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Cody Godwin, Associated Press
- With a busy start to the fire season in the Southwest, federal officials are rushing to hire about 16,900 fire personnel.
- Hiring firefighting personnel has proven tough in a tight labor market.
- Meanwhile, U.S. spending on wildfire suppression has steadily risen in recent decades. It reached a record-setting $4.38 billion in 2021.
SALEM, Ore. – The United States government has committed a record-setting amount of money to fighting wildfires this year during what promises to be a busy season, but it remains unclear whether the number of firefighters needed will be available amid a nationwide labor crunch.
With a busy start to the fire season in the Southwest and drought fueling high wildfire danger from the Great Plains to Northern California, federal officials are scrambling to hire roughly 16,900 fire personnel that include hotshots, smokejumpers and helitack crews, which are groups of firefighters that are flown in on helicopters to wildfires.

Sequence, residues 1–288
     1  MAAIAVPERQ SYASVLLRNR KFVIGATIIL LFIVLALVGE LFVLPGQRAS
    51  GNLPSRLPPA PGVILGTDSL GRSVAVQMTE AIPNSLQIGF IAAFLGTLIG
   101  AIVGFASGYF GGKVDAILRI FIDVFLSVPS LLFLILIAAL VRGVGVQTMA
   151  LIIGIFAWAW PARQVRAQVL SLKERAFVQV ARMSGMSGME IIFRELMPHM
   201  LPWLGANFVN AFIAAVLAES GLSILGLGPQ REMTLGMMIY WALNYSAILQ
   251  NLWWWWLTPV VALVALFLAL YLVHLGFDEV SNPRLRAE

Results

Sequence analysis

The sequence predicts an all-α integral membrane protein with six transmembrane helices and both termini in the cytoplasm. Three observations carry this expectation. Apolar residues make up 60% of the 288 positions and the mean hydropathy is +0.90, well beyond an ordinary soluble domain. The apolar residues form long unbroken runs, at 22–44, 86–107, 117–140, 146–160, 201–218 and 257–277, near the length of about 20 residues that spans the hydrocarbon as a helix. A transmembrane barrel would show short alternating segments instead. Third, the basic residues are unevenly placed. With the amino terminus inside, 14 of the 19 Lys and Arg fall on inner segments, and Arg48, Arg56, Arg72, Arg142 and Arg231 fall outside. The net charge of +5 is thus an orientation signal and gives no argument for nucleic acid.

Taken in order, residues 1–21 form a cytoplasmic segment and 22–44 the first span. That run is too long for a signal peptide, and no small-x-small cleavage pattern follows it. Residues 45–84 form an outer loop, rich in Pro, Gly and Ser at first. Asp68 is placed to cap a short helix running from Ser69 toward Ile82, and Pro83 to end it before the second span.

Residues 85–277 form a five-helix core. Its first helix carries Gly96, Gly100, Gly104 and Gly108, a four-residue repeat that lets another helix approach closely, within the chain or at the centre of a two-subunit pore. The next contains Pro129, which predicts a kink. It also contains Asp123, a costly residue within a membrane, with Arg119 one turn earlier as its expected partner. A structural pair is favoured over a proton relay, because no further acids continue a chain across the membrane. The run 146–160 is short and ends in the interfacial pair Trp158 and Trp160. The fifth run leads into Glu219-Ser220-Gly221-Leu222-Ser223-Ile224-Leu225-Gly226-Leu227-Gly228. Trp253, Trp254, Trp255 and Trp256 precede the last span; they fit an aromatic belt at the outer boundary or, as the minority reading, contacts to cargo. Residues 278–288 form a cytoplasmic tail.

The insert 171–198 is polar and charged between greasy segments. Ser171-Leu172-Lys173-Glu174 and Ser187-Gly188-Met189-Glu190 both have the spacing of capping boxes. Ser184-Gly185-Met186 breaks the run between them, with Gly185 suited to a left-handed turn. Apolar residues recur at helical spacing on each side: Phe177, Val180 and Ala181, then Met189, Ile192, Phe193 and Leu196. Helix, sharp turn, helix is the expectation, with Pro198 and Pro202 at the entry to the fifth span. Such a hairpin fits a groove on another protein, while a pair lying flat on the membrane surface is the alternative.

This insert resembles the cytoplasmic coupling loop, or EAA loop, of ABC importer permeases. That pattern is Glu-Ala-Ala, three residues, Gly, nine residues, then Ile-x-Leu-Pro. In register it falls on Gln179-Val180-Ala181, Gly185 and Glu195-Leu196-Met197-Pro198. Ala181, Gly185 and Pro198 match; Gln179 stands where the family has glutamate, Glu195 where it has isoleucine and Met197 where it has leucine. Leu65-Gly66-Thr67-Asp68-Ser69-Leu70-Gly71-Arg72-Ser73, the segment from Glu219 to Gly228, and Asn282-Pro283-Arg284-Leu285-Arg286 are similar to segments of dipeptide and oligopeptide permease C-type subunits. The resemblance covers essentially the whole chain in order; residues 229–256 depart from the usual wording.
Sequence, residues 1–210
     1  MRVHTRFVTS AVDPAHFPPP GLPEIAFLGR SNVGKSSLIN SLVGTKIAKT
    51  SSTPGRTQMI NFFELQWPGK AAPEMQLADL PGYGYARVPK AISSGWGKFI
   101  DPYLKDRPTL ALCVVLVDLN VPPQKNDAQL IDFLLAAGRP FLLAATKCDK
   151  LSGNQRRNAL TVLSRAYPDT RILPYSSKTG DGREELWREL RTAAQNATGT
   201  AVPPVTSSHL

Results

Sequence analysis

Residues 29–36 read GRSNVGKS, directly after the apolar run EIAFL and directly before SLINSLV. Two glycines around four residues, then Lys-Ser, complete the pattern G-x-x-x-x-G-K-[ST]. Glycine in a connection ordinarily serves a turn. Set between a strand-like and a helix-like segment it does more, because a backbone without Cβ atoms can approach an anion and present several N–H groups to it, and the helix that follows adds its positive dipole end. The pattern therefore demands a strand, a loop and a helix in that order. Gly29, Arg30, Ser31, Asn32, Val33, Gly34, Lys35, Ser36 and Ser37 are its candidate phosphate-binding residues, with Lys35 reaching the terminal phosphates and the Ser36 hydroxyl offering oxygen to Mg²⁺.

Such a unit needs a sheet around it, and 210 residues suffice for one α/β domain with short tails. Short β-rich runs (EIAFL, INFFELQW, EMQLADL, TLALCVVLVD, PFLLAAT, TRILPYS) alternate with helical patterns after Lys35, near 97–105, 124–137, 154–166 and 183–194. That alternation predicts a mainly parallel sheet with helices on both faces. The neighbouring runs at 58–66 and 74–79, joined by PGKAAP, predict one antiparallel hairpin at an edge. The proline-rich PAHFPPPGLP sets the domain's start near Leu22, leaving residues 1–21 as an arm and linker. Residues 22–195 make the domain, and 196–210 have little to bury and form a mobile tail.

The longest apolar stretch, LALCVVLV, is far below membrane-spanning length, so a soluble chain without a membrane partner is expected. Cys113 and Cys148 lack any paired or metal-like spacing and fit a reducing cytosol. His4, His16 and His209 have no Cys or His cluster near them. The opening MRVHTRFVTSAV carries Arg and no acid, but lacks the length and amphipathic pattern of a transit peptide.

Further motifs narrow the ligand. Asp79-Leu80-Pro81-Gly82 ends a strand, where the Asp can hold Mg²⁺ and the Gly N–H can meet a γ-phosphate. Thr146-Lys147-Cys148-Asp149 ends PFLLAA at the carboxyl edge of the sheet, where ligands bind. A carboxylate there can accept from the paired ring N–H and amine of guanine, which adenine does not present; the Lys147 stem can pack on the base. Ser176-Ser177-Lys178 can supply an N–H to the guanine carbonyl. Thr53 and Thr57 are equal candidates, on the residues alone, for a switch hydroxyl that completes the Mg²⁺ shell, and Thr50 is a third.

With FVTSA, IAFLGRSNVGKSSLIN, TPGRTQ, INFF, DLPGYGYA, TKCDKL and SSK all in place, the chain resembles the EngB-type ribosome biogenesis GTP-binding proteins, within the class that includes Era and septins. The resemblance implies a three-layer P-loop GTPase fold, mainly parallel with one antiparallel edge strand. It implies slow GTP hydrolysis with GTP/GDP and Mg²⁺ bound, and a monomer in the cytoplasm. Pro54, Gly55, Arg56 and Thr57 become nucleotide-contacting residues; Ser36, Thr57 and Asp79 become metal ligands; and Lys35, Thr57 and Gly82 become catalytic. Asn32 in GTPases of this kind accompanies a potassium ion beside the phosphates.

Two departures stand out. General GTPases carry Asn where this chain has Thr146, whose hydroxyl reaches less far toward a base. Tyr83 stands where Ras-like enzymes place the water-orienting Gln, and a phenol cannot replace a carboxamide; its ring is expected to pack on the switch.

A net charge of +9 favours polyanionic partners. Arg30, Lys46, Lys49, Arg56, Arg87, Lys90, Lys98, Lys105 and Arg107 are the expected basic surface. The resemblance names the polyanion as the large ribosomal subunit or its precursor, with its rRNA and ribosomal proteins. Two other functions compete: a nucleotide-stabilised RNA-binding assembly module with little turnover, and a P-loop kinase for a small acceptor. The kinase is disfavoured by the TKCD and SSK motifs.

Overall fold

A letter from 28 members of Congress sent Tuesday called on the two federal agencies that fight wildfires – the U.S. Forest Service and the Department of Interior – to create a special pay rate for federal firefighters “to avert critical staffing shortages in the wildland firefighting workforce.”
The two agencies have a combined budget of $4.7 billion. They have 1,549 fire engines and more than 310 helicopters, air tankers and airplanes that can drop water or watch the forest for smoke.
However, without adequate staffing, many of those fire engines could sit idle, stated the letter, which noted that “last year, fire officials were unable to fill an unprecedented 1,800 requests for wildland firefighting crews and more than 1,900 requests for fire engines.”
In one state, the Forest Service had 60 engines idle because of low staffing in the midst of the largest fire in state history, the letter stated.
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Overall, the number of firefighters and resources should be slightly up from last year, with funding for a couple hundred additional firefighters and $100 million in disaster funds both agencies can draw from to avoid raiding their own budgets during expensive fire seasons.